Top with hollandaise sauce.

Now, I’m sure many of you use hollandaise sauce mix. But it’s really quite easy to make it from scratch, especially if you have a blender, or small food processor with an opening in the top to add ingredients on the fly.

The following amount of ingredients makes enough hollandaise for 4 generous servings.

Place 2 large egg yolks, 2 to 3 teaspoons lemon juice (to taste), 1/8 teaspoon salt, and a dash of Tabasco into a small blender or food processor.

Heat 1/2 cup (8 tablespoons) butter until very hot, either in a saucepan, or the microwave. The butter should be sizzling/popping hot, not just melted.

With the motor running, pour the butter gradually over the egg yolks/lemon juice, blending/processing until the sauce is thick.

If, for whatever reason, the sauce doesn’t thicken for you, transfer it to a small saucepan, and cook over low heat, stirring constantly, until it becomes thick.

This sauce isn’t quite as thick as I like it; I was in a hurry, and didn’t heat the butter hot enough.

Still, I had no trouble finishing off this decadent dish, once I’d taken the photo.

Just to make doubly sure of the picture, however, I made another one – and my husband enjoyed an unexpectedly tasty breakfast, too!

Please read, make, and review our recipe for Sourdough English Muffins.

Print just the recipe.

PJ Hamel

PJ Hamel grew up in New England, graduated from Brown University, and was a Maine journalist before joining King Arthur Flour in 1990. PJ bakes and writes from her home on Cape Cod, where she enjoys beach-walking, her husband, two dogs, and really good food!


  1. Mike Tedesco

    Is there a way to make these in advance to either store or freeze for later date, then finish in toaster oven? Should I shorten the cooking time or temperature?

    1. The Baker's Hotline

      Hi Mike! We’d recommend baking them completely, allowing them to cool, then wrapping and freezing them for up to 3 months. You can thaw them on the counter, in the fridge, or in the microwave, and toast them up to enjoy. Annabelle@KAF

  2. Kristin

    Due to scheduling issues my English Muffin dough sat in the refrigerator for about 48 hours. I finally got around to making them today and OH MY GOODNESS they are delicious. Extra sour just how I like my sourdough. My starter’s name is Fred. I refer to it as Fred when speaking to people who are not obsessed with baking and they often think I’ve lost touch with reality. Ah well! At least you all get me! Thanks for the great recipe.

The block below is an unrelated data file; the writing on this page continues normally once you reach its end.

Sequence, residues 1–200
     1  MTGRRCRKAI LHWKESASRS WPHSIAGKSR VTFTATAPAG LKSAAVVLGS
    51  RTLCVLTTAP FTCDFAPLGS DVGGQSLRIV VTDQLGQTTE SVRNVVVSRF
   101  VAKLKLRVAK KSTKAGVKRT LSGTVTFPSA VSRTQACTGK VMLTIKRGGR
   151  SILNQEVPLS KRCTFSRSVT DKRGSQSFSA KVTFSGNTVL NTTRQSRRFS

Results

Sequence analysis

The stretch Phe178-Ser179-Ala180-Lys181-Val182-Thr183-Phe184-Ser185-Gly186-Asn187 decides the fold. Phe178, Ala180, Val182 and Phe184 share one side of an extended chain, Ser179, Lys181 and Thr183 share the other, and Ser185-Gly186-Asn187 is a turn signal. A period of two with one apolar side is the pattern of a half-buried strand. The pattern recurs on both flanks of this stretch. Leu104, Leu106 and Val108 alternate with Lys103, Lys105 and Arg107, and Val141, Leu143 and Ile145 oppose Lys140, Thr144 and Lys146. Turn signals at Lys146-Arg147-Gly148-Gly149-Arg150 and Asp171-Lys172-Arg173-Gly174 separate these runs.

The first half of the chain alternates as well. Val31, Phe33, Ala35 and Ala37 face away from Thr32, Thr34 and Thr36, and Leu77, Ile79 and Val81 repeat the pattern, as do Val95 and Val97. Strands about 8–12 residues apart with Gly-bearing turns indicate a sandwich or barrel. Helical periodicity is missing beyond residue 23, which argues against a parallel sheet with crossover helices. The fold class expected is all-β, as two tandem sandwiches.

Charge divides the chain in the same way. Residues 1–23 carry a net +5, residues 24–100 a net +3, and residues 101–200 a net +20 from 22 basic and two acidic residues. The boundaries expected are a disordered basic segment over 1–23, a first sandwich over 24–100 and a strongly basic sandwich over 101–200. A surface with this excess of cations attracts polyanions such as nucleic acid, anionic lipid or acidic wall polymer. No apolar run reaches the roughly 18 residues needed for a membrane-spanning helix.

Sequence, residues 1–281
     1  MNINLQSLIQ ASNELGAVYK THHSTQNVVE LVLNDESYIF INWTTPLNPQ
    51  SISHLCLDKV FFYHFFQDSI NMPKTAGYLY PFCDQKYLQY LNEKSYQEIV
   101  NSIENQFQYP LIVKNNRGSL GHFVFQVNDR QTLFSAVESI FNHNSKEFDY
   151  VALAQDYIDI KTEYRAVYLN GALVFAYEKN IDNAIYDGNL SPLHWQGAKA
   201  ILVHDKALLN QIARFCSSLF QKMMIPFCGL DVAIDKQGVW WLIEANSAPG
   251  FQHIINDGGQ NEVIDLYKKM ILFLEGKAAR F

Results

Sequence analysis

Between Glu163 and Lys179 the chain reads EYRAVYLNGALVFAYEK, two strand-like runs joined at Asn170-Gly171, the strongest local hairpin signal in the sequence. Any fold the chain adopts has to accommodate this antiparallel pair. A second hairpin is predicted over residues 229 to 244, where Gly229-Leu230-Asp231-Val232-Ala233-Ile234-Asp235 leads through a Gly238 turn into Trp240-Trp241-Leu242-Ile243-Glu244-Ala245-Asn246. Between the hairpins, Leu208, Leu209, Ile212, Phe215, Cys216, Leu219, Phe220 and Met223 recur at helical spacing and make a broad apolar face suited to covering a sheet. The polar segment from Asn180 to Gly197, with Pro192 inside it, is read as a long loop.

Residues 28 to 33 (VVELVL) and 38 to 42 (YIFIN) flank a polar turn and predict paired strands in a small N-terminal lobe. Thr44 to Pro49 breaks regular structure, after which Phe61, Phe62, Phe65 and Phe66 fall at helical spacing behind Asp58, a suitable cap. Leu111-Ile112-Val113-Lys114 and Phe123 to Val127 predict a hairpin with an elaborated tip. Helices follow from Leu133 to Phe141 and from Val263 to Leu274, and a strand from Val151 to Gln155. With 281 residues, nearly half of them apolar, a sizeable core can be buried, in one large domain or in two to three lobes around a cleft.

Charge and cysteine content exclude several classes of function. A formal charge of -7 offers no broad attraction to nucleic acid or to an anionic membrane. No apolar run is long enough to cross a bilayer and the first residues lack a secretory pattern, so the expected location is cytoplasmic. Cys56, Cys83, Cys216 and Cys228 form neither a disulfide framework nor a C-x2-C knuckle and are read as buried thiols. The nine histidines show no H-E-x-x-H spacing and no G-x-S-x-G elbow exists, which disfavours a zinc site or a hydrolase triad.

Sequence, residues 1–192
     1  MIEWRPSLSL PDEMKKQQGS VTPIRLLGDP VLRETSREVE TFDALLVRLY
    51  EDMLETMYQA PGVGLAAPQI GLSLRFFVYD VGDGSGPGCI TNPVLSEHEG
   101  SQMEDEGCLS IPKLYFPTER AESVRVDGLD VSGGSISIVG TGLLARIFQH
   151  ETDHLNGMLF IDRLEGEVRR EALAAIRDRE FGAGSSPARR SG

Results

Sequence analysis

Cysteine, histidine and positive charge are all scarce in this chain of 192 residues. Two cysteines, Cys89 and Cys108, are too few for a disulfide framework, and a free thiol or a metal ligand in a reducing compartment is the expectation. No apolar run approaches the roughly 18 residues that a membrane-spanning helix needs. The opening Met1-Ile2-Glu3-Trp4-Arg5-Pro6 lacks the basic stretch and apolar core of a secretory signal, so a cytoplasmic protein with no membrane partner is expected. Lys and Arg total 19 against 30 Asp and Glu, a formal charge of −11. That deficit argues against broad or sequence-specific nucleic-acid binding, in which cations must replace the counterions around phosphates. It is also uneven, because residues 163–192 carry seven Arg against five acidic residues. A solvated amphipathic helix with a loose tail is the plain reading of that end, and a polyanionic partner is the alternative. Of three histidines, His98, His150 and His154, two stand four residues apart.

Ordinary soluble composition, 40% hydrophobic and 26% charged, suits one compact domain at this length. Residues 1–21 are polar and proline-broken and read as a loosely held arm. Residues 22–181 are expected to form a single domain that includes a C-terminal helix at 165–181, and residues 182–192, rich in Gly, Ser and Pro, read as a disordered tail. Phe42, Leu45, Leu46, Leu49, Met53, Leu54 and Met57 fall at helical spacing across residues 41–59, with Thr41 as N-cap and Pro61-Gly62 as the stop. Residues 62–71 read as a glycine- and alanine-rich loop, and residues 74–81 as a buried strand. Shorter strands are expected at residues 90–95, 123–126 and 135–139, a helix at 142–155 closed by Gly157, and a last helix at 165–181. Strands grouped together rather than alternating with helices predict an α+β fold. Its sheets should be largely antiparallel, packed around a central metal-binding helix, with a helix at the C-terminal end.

3. Sally in Miami

    If you like to have the kind of English muffin that pulls apart you can roll out the dough, let it rest a few minutes, then fold it in half and roll out again until it’s the desired thickness. I had a little trouble getting the cooking time right, but in the process discovered that I actually like a really dark crust. These are great with some whole wheat flour, too.

  4. TDeal4

    I left out the yeast and halved all of the ingredients except the sourdough starter. I left the dough covered in the refrigerator for 2 days, then rolled it and cut with a 3.5″ ring. I allowed the muffins to rise overnight before cooking. The result was thick muffins with a wonderful sourdough flavor and all of the prized nooks and crannies!

    1. The Baker's Hotline

      Hi Norma- Unfortunately, there really isn’t a good substitute for that quantity of dry milk, and leaving it our will significantly change this product. If you need to be dairy-free, then I would recommend using another English Muffin recipe that either calls for no diary initially, or one which only has liquid milk which you could use water in place of. If you have any further questions, please feel free to contact our Baker’s Hotline at 855-371-2253. Happy Baking! Jocelyn@KAF

    1. PJ Hamel, post author

      It’s the steam from a very wet dough, Patti. I suspect perhaps your dough wasn’t sticky enough. Also, you may need to manage your expectations; these probably won’t look exactly like Thomas’. But give them another try, with stickier dough, and see what happens, OK? Good luck – PJH

  5. horto

    when is fed starter, fed ready?
    Like how much time needs to pass for it to be active and considered fed?
    By look or time?
    Hours? Yesterday?

    1. The Baker's Hotline

      It generally is recommended that you use your starter about 4-8 hours after you feed it. It should be nice and active and bubbly, ballooning up a bit and looking puffy. The way you know it has gone too far is that it starts to decrease in volume and you see “crags” forming like crevasses in the dough where it has sunk in on itself. This usually doesn’t happen until after eight hours or longer under normal conditions. But generally the 4-8 hour window after sitting at room temperature from the time of feeding is a safe bet for usable “fed starter.”

      I hope that helps and if you have any more questions, please feel free to contact our Baker’s Hotline at 1-855-371-2253 (Monday-Friday 8:00am-9:00pm EST, Saturday & Sunday 9:00am-5:00pm) and we’d be happy to provide you with further assistance at that time. Happy Baking! Jocelyn@KAF

  6. member-flyv651

    Any suggestions on how to apply the baking aspect with the sourdough recipe? I tried using the oven at 400 for 10 minutes, then flipping the pans and removing the top one for another 5 minutes, but it seems that it takes another 15 minutes or so after that to get a better color on the muffins. Perhaps bump the temp to 425? Use the convection option on my oven? They taste great although the “nooks and crannies” weren’t as craggy as I hoped for. Any tips would be appreciated.